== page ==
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Guardian: Islam has become its own enemy
By Ziauddin Sardar
21/10/2001 11:18 am Sun
[Raja Kelentong pun diambil kira!! - Mat Teropong
Islam menjadi begini kerana banyak umatnya masih bermimpi
dan lebih mengutamakan diri sendiri padahal ilmu dan iman
mereka masih belum mencukupi. Oleh itu ramai yang tertipu
oleh regim yang pandai berpura dan berkata-kata sehingga
kata-kata mereka lebih diikuti dan dipercaya dari kata-kata
Kesedaran adalah kunci perjuangan Islam. Inilah yang akan
membuka pintu hati manusia dan seterusnya kejayaan. Kesedaran
itulah yang membuat Abu Jahal, Firaun dan Shah Iran tumbang.
Tetapi ia berlaku bila rakyat sampai ketahap tertinggi
kesedaran - pengorbanan syahid. - Editor]
Muslims in denial
Saturday October 20 2001
Muslims everywhere are in a deep state of denial. From Egypt to
Malaysia, there is an aversion to seeing terrorism as a Muslim
problem and a Muslim responsibility.
The meeting last week of the Organisation of the Islamic Conference
in Qatar condemned the 11 September attacks, but refused to accept
any responsibility. Instead of taking the lead in tackling the problem,
once again they are being railroaded into joining a 'global coalition'.
Terrorism is a Muslim problem for some very good reasons. To begin
with, most of the terrorist incidents actually occur within the Muslim
world. In Pakistan, for example, terrorist violence is endemic.
Marauding groups of fanatics, such as Sepa-e-Shaba ('Soldiers of
the Companion of the Prophet') and Sepa-e-Muhammad ('Soldiers
of Muhammad'), have spread terror throughout the country. In Egypt,
militants of Islamic Jihad have killed tourists, and members of the
extremist organisation Gama-e-Islami have ma e the life of ordinary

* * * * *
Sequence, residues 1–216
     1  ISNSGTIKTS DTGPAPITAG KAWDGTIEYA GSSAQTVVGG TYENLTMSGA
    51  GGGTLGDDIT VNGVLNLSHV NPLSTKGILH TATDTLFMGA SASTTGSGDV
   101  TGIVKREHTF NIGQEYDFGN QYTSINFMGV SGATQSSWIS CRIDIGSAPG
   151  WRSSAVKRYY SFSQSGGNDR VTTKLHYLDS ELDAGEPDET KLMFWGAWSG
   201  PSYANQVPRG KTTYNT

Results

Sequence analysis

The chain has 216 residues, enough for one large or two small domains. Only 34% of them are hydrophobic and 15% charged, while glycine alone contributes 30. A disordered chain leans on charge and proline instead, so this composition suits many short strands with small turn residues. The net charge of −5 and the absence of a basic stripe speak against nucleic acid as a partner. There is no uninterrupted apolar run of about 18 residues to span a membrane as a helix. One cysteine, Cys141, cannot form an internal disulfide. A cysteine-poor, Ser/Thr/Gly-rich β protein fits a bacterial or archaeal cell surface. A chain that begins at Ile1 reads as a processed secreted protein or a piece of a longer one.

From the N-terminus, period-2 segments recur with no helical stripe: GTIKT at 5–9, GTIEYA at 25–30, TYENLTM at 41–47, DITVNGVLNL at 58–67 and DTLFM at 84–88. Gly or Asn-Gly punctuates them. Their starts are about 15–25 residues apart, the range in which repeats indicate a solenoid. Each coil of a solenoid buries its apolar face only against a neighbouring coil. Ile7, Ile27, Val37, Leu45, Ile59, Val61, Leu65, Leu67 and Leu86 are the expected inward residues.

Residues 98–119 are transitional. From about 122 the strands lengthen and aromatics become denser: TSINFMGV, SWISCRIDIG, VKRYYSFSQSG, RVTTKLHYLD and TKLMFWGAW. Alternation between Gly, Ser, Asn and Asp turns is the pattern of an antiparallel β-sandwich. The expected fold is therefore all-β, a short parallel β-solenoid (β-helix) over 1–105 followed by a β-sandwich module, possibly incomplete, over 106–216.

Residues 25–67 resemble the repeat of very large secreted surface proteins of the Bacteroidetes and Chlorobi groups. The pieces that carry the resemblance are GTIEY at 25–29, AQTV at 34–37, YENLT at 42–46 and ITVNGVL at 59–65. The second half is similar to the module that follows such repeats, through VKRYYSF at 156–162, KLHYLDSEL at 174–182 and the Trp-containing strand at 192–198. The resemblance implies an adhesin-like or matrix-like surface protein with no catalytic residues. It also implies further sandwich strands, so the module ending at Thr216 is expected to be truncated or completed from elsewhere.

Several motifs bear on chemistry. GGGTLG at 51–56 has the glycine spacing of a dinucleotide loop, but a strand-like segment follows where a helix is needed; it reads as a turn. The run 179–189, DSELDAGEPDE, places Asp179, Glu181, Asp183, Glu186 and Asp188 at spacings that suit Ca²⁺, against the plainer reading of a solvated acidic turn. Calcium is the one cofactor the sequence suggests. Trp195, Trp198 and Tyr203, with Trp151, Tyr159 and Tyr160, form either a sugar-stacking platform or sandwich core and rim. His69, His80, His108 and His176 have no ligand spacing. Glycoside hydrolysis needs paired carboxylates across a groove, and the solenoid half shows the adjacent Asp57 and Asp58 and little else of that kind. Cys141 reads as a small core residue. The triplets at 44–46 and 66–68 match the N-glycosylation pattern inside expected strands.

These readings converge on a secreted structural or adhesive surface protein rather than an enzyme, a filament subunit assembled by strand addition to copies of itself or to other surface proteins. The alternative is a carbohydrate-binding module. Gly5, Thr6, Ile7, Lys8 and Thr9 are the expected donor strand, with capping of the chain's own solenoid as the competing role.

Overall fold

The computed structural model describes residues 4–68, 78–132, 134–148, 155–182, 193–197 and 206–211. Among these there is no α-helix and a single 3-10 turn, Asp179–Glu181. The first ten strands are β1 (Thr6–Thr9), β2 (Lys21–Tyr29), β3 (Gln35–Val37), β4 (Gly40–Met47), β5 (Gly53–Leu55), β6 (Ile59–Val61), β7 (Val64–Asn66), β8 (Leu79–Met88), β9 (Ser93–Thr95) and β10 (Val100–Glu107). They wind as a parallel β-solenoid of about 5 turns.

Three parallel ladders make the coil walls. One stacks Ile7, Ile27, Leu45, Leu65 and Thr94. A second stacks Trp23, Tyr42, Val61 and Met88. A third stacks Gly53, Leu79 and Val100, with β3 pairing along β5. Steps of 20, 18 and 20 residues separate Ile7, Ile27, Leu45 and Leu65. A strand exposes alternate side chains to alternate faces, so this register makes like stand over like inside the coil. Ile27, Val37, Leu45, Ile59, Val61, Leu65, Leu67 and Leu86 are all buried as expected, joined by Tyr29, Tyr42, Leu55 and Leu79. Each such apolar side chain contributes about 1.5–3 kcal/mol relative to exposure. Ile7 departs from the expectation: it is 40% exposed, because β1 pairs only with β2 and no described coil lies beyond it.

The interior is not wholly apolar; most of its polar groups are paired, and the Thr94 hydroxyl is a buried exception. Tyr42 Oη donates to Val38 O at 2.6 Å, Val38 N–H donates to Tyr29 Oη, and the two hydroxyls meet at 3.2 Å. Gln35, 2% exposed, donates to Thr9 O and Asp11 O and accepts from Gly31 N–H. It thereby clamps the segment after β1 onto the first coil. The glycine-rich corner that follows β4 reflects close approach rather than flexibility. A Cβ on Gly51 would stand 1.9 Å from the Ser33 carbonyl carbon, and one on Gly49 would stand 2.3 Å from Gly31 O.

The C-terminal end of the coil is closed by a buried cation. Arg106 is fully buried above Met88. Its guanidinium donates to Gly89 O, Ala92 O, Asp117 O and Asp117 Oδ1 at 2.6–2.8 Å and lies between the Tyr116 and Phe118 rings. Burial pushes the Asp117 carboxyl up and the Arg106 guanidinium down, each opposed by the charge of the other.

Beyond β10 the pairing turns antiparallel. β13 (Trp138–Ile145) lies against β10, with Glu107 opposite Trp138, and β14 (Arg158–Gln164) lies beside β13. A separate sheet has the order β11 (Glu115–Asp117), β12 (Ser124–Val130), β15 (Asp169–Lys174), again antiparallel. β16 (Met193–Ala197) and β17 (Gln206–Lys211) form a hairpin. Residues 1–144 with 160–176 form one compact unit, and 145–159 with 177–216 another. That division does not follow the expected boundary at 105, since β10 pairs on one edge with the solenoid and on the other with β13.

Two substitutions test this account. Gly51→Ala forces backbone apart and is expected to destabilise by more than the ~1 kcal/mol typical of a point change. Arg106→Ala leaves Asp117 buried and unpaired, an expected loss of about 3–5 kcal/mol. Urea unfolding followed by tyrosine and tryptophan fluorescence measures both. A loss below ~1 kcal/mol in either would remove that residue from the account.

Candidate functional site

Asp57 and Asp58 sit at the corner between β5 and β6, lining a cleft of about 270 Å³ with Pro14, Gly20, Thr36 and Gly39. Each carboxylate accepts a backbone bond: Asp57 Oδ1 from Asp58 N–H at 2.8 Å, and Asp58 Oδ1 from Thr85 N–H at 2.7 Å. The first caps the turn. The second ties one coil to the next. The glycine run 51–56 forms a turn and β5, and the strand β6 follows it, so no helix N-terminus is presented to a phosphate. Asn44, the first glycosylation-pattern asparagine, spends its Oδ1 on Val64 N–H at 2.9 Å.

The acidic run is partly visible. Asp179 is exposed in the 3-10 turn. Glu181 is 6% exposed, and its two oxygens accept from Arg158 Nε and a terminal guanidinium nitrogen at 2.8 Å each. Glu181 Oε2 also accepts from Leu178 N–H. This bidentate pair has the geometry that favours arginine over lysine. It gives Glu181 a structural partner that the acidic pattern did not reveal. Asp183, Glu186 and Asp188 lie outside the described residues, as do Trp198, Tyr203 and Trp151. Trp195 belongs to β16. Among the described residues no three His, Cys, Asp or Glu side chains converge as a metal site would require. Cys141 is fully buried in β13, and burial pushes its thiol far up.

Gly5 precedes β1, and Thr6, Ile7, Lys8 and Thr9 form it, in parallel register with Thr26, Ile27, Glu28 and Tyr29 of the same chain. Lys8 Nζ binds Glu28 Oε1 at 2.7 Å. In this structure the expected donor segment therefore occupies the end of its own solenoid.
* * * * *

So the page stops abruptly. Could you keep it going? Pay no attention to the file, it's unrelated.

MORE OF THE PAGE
Muslims a living hell. The Abu Sayyaf group of the Philippines, far
from fighting for 'liberation', is nothing more than a band of ruthless
kidnappers who kill other Muslims without hesitation.
Saudi Arabia, Indonesia, Algeria, Bangladesh, Lebanon, Iran - there
is hardly a Muslim country that is not plagued by terrorism.
It goes without saying, then, that the bulk of victims of terrorism are
also Muslims, 11 September notwithstanding. This is particularly so
when we consider that violence and brutalisation has become the
norm in unending quests for self-determination in such places as
Palestine, Kashmir and Chechnya. Terror and counter-terror forms
an endless cycle that has cost countless Muslim lives.
Thus, terrorism, the horror it provokes and the consequences it
breeds, are more familiar to Muslims than to any other people.
Yet, while they have been shocked and sympathise with the victims
of the atrocities in the US, Muslims have stubbornly refused to see
terrorism as an internal problem. While the Muslim world has suffered,
they have blamed everyone but themselves. It is always 'the West',
or the CIA, or 'the Indians', or 'the Zionists' hatching yet another
This state of denial means Muslims are ill-equipped to deal with
problems of endemic terrorism. Indiscriminate violence, terror by
governments against their own people, by opposition groups and
between factions, has now become such an integral part of the
political discourse of failed polities that it is taken for granted.
In the US-led coalition against the Taliban, liberal Muslims have
found an ideal substitute for self-examination and the critical, internal
struggle needed to address home-grown problems.
The coalition now waging war against terrorism in Afghanistan
harbours another danger for Muslims. In the indiscriminate politics of
coalition, the first people that the hesitant Muslim states will turn